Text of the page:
Galectin-1 played an important role in the inhibition of alloreactive T cells by MSCs. NK cells are another important cytotoxic effector cell population in the immune system. NK cells are not alloreactive in a classic MHC-restricted sense but are indirectly involved in GVHD (eg, by cytokine secretion). MSCs are known to inhibit proliferation and several other functions of NK cells. To analyze a possible role of MSC-derived galectin-1 in suppressing NK cells, CD56+ NK cells were isolated by MACS technology, stimulated with 200 U/mL IL-2, and then cocultured with MSCs. Expectedly, MSCcontr and MSCwt inhibited proliferation of NK cells. However, the galectin-1 knockdown in MSCs had no significant effect on NK cell proliferation (Figure 5E). This indicates that MSCs use different signals to inhibit T cells and NK cells.

MSCs inhibit T-cell proliferation in the absence of other cell types and in part by galectin-1

On the basis of the literature, we asked whether the galectin-1–dependent inhibition of T-cell proliferation was a direct signal of galectin-1 to the T cells themselves or mediated by galectin-1 effects on other PBMCs (eg, DCs). To this end, CD4+ T cells were purified, stimulated, and cocultured with MSCwt, MSCcontr, and MSCG1▾, respectively. MSCwt and MSCcontr suppressed proliferation of CD4+-T cells to a comparable extent, indicating that MSCs can act directly on T cells without the help of accessory PBMCs. Again, proliferation of purified T cells was significantly less affected when cocultured with MSCG1▾ (Figure 6A). This shows that galectin-1 expressed by MSCs causes antiproliferative effects on T cells directly.

Figure 6

MSC-derived galectin-1 inhibits T-cell proliferation directly. (A) Purified CD4+ T cells were stimulated with PHA and cocultured with MSCwt, MSCcontr, or MSCG1▾ as indicated. Proliferation of purified CD4+ T cells was inhibited by MSCwt or MSCcontr in the absence of any other cell type. Proliferation of purified CD4+ T cells was less affected by the presence of MSCG1▾ compared with MSCwt or MSCcontr. These experiments show that MSC-derived galectin-1 suppresses T cells directly in the absence of other cell types. (B) IL-12 secretion of monocyte-derived DC after coculture with MSCs. Monocytes were incubated with IL-4 and granulocyte-macrophage colony-stimulating factor alone and in the presence of MSCwt, MSCcontr, or MSCG1▾ (ratio 1:10 MSC/monocytes) for 5 days. The proinflammatory cytokine IL-12 was measured after maturation with LPS for 20 hours in the supernatant. IL-12 secretion of DC was suppressed to the same extent by MSCwt, MSCcontr, and MSCG1▾. All data are shown as means (± SE) of 6 independent experiments.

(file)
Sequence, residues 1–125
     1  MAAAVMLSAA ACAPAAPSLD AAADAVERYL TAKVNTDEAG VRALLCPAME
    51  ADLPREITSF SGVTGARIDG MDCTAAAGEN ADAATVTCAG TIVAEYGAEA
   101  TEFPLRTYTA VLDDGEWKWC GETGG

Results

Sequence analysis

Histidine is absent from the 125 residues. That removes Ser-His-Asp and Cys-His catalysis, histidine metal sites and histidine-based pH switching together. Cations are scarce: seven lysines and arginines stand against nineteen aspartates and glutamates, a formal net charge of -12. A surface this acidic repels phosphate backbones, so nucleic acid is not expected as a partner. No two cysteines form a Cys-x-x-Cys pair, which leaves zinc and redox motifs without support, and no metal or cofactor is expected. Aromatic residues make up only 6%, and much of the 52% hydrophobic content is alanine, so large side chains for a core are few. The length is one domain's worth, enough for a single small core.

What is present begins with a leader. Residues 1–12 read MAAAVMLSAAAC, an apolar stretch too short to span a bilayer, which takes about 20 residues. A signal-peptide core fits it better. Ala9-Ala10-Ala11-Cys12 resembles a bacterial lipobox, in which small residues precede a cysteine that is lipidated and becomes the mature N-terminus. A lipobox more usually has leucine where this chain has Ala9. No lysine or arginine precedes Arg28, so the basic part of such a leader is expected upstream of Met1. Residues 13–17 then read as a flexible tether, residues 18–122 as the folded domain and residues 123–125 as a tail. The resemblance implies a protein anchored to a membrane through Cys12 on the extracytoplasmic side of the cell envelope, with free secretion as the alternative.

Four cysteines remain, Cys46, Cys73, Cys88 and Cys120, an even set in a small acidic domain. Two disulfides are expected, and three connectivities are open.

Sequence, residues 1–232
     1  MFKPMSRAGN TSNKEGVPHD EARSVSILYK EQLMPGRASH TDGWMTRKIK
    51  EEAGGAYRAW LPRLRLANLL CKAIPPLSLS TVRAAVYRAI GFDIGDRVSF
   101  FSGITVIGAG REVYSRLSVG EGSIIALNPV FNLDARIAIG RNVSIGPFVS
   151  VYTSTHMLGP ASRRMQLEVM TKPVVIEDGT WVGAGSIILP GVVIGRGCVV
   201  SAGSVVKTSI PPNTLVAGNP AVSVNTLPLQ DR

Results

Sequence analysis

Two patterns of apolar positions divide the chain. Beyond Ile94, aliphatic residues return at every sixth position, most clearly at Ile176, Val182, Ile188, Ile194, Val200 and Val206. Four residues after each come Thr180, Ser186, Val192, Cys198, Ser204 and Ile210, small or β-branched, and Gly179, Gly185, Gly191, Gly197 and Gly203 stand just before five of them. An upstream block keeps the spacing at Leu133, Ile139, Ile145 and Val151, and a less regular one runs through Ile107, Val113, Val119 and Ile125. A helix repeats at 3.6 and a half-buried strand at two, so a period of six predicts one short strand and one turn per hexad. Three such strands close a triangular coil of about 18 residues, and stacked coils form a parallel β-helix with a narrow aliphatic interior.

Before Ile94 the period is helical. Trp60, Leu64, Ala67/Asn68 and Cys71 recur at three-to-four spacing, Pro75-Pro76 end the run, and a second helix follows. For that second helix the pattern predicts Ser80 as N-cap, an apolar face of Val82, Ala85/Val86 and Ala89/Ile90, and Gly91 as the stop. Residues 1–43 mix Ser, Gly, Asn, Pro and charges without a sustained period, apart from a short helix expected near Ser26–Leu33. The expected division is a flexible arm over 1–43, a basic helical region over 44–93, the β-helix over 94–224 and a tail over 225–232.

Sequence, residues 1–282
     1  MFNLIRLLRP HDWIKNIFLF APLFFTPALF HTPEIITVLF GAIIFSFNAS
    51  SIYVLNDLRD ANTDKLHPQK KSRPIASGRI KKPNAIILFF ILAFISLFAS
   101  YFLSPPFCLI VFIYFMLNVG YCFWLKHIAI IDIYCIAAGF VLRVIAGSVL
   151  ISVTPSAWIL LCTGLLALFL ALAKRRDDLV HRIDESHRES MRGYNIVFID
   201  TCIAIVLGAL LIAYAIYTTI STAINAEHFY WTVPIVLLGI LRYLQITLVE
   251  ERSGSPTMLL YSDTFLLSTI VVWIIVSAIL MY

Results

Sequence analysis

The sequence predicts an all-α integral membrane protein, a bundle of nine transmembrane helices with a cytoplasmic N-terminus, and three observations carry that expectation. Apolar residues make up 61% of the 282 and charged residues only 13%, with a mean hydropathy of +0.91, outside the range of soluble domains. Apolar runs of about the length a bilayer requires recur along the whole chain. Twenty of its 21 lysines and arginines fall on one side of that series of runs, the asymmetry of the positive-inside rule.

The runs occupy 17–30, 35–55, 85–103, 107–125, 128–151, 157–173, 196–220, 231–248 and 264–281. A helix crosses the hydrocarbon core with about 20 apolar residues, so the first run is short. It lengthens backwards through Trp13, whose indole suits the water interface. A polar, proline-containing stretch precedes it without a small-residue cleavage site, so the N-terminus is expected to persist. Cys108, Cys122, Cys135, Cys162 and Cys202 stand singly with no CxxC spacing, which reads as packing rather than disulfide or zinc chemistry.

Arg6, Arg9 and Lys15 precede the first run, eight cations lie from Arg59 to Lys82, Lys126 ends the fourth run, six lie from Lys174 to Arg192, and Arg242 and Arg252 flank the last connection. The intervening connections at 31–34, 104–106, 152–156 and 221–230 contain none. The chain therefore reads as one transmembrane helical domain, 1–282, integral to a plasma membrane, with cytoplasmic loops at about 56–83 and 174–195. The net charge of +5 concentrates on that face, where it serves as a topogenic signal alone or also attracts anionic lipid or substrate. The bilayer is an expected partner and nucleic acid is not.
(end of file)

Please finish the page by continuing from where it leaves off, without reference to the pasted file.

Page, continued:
Figure 6

MSC-derived galectin-1 inhibits T-cell proliferation directly. (A) Purified CD4+ T cells were stimulated with PHA and cocultured with MSCwt, MSCcontr, or MSCG1▾ as indicated. Proliferation of purified CD4+ T cells was inhibited by MSCwt or MSCcontr in the absence of any other cell type. Proliferation of purified CD4+ T cells was less affected by the presence of MSCG1▾ compared with MSCwt or MSCcontr. These experiments show that MSC-derived galectin-1 suppresses T cells directly in the absence of other cell types. (B) IL-12 secretion of monocyte-derived DC after coculture with MSCs. Monocytes were incubated with IL-4 and granulocyte-macrophage colony-stimulating factor alone and in the presence of MSCwt, MSCcontr, or MSCG1▾ (ratio 1:10 MSC/monocytes) for 5 days. The proinflammatory cytokine IL-12 was measured after maturation with LPS for 20 hours in the supernatant. IL-12 secretion of DC was suppressed to the same extent by MSCwt, MSCcontr, and MSCG1▾. All data are shown as means (± SE) of 6 independent experiments.